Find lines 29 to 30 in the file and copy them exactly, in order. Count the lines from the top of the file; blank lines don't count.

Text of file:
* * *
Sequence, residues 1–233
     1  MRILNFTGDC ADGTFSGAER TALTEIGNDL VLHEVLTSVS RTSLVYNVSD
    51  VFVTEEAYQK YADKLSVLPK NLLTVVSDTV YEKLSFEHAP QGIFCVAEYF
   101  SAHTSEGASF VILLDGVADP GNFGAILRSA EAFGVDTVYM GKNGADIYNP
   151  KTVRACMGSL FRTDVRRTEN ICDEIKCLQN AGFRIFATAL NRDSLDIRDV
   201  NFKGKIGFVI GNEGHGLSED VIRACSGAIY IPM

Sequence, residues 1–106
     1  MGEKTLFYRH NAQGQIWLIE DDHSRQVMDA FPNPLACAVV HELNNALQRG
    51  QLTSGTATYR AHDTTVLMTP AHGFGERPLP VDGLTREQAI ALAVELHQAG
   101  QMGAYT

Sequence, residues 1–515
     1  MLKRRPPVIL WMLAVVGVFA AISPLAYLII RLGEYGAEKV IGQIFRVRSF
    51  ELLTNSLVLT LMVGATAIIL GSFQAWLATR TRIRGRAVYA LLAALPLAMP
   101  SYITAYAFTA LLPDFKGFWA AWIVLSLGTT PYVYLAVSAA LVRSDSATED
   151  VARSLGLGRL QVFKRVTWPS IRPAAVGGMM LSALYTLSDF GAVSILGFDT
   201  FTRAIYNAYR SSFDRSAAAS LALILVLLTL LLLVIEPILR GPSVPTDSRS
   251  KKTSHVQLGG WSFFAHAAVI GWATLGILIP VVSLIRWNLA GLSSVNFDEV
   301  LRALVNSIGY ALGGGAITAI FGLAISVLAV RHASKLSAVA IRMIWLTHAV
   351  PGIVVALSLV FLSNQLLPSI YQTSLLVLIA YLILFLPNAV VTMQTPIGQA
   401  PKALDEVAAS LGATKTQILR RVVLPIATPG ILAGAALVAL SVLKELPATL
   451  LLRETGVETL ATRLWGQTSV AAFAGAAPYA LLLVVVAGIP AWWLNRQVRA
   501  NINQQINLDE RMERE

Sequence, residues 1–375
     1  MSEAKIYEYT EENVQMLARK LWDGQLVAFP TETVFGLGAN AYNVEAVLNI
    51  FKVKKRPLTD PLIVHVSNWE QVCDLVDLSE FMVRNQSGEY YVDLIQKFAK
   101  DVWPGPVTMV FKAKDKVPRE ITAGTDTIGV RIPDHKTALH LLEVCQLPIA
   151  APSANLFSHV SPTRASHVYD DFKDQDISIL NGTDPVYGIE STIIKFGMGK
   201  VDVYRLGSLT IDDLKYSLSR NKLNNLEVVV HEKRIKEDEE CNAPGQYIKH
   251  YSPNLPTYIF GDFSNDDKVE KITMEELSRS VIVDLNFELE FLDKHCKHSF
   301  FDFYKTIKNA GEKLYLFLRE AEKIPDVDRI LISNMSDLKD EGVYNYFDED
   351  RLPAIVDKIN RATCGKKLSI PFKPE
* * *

   251  YSPNLPTYIF GDFSNDDKVE KITMEELSRS VIVDLNFELE FLDKHCKHSF
   301  FDFYKTIKNA GEKLYLFLRE AEKIPDVDRI LISNMSDLKD EGVYNYFDED